WILMINGTON — Two prominent state lawmakers pushing to make North Carolina’s energy policy more friendly to consumers say they will press vigorously for freezing or reducing state mandates to use more renewable energy when the General Assembly returns for the 2016 short session.
“We are not a least-cost state anymore” in the mix of fuel sources largely due to the legislature’s passage of Senate Bill 3 in 2007, said House Majority Leader Mike Hager, R-Rutherford.
That law forces utility companies to purchase increasingly higher levels of renewable energy — which is more expensive than fossil fuels or nuclear power — or increasing energy efficiency. Those measures must replace 12.5 percent of the total fuel mix that power plants must use by 2020.
Hager and state Rep. Chris Millis, R-Pender, were among a series of speakers objecting to North Carolina’s current energy policy direction Thursday night during Americans for Prosperity North Carolina’s Free the Grid Tour event at the Wilmington Convention Center.
In the recently concluded long session the House passed House Bill 760 by a 77-32 margin. Hager called it “probably the most comprehensive energy bill out of the House.” It is designed to scale back the escalating use of renewables and other mandates in S.B. 3, Hager said.
The Senate referred the bill to its Agriculture/Environment/Natural Resources Committee, where it sat at the end of the year’s legislative session.
Senate leaders told Hager and other House allies that the Senate would consider only only one renewable-energy bill in 2015 — H.B. 760 or a narrower measure placing a December 2015 sunset on new claims for the 35 percent state renewable investment tax credit, Hager said.
The tax credit has resulted in payments to renewable-energy investors of at least $224,508,181 since 2010, according to state Department of Revenue records. The General Assembly passed the sunset measure and Gov. Pat McCrory signed it into law.
Hager said persuading the Senate to act on H.B. 760 would be a top priority in the short session, which opens April 25.
“That bill is not devastating to anybody. That bill just freezes everything in place … until we can figure out what’s going on” with renewables’ financial impact, Hager said. “We’ve got a window of opportunity right now between 2016 and 2018,” when the percentage of state-required renewable energy purchase rises from 6 to 10 percent.
“Why is anyone scared of that?” Donald Bryson, AFP state director, asked of opposition to H.B. 760, which would set up a study to determine if S.B. 3 has harmed ratepayers and taxpayers by driving up power bills.
The General Assembly needs to shift to a philosophy of providing least-cost energy for consumers, manufacturers, and the agriculture industry, rather than artificially inflating electricity costs by granting special status to renewables at the expense of other industries, Bryson said.
Ending the forced purchase of expensive renewable energy would leave more money in consumers’ pockets, reduce costs to businesses so they can hire more workers, and create a more prosperous North Carolina, Bryson said.
“We are mandating by way of your power bills that you pay for a more expensive and more unreliable form of energy,” and that is unfair, Millis said.
“We’re talking about hundreds of millions of dollars a year that the state is taking from you and giving by way of a mandate [to] renewable energy,” Millis said.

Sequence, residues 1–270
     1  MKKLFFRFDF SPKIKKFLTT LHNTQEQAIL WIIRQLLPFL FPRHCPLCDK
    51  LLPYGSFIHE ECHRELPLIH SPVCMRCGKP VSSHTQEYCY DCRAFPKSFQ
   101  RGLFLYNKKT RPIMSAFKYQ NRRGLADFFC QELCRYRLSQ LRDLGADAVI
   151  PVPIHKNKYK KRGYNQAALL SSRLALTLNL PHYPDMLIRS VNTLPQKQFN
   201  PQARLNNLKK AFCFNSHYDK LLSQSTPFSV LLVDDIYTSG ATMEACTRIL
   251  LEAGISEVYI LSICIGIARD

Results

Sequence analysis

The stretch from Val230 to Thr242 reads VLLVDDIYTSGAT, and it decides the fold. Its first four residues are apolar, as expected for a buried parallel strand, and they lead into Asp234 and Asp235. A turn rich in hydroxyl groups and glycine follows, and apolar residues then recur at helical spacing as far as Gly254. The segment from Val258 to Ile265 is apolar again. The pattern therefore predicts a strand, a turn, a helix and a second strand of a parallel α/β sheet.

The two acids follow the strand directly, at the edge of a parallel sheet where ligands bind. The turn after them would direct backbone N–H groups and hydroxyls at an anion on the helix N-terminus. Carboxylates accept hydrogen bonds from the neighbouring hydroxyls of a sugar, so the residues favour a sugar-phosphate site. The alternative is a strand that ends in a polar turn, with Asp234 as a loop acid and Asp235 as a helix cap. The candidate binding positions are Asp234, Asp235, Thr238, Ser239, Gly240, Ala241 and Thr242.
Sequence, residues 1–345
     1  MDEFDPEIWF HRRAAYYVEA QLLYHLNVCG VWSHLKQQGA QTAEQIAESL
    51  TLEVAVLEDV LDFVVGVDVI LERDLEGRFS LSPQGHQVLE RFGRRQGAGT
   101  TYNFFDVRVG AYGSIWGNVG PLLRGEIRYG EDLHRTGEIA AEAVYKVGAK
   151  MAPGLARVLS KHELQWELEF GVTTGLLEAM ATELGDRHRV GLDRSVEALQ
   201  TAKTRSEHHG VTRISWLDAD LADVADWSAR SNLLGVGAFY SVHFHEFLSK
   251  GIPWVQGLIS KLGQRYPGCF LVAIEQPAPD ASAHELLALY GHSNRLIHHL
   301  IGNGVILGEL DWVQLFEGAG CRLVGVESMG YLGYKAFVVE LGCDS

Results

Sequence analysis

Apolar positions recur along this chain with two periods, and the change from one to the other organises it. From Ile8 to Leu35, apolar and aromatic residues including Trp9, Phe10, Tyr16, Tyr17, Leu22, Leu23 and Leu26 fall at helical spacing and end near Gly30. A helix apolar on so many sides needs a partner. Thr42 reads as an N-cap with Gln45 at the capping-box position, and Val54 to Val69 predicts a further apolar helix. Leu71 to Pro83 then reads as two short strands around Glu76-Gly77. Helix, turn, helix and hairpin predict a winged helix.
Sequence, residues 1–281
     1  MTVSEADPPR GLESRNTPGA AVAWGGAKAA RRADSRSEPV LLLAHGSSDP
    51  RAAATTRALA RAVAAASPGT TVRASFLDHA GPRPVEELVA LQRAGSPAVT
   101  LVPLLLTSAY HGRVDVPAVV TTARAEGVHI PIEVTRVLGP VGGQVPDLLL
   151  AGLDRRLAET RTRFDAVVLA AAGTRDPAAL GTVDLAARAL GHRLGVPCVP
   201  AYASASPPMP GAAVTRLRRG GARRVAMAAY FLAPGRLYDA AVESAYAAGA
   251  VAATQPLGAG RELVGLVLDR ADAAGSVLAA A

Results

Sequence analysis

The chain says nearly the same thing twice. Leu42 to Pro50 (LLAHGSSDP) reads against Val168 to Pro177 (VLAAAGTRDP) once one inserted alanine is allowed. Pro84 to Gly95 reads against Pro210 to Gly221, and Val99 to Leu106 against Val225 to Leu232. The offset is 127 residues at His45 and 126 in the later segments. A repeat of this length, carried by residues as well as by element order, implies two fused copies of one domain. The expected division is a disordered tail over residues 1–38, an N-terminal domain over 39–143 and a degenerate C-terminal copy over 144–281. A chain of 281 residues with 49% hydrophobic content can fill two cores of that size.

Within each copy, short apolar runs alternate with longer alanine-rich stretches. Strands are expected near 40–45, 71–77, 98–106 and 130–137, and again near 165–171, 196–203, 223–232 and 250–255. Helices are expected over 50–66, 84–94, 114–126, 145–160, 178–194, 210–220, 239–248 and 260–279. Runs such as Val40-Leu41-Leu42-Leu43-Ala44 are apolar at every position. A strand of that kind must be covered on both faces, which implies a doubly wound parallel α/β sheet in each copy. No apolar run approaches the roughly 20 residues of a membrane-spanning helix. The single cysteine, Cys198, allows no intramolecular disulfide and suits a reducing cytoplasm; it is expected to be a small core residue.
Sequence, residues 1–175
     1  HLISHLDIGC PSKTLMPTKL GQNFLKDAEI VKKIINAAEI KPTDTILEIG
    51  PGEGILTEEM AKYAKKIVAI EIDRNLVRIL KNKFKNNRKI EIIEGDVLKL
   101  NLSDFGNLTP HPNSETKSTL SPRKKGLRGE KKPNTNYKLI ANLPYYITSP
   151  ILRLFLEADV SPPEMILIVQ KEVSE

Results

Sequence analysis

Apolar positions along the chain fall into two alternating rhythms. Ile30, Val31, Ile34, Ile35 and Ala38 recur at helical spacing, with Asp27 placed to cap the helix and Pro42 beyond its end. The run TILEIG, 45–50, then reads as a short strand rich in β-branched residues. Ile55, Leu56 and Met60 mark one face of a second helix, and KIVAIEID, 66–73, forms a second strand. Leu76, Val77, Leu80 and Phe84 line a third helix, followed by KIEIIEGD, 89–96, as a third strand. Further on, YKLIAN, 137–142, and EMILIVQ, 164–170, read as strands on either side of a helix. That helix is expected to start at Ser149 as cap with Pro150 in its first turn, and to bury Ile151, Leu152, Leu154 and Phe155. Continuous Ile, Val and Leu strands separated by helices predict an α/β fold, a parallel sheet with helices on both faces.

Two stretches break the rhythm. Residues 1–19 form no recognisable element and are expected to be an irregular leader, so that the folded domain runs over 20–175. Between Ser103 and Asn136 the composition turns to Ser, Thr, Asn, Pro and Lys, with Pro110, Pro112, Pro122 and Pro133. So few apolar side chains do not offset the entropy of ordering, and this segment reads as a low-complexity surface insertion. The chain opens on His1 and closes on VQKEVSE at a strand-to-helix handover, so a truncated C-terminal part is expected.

“If we do not reform, if we do not halt the renewable energy mandate, you will all have increasing power costs” that will become an economic detriment to the state, Millis added.
Becki Gray, vice president for outreach at the John Locke Foundation, noted that the solar industry started receiving the 35 percent investment tax credit in 1977. At the time, industry officials said “We need this special treatment, we just need a boost to get started,” but the tax-fueled carve-outs have increased, she said.
Over that time renewable companies received not just the 35 percent state tax credit, but a 30 percent federal tax credit, an 80 percent abatement on property taxes, and accelerated depreciation.
“There are 111 different policies and specific financial incentives that renewable energy gets in North Carolina,” Gray said. The handouts are so generous a solar company can recoup 100 percent of its investment in six years, she said.
“I don’t blame the solar companies” or investors, Gray said. “I’ll tell you who’s at fault, it’s the government.”
Hager said the renewable energy industry’s major players have taken not of his opposition to renewable subsidies.
“I’ve been such a strong opponent of solar renewables [that solar supporters are] spending money in my district trying to find a primary opponent,” Hager said. Solar companies are taking ratepayers’ tax dollars and “they’re transforming into dollars to run against good conservatives. That is what we’re up against.”
Bryson said renewable companies are also redirecting taxpayer dollars into preserving their advantage in the marketplace.
“These people are making money, and then they’re taking that money and putting it back into lobbyists at the General Assembly,” Bryson said. The solar industry had 27 lobbyists at work in the last session. By contrast, Duke Energy, the nation’s largest power utility, had only eight.
“They burned through about $125,000 minimum a month on lobbyists” in the 2015 session, Hager said. “They spent [about a half-million dollars] to stop that bill in the Senate. … That’s the kind of dollars we’re talking about, folks. That’s what we’re fighting against.”
Dan E. Way (@danway_carolina) is an associate editor of Carolina Journal.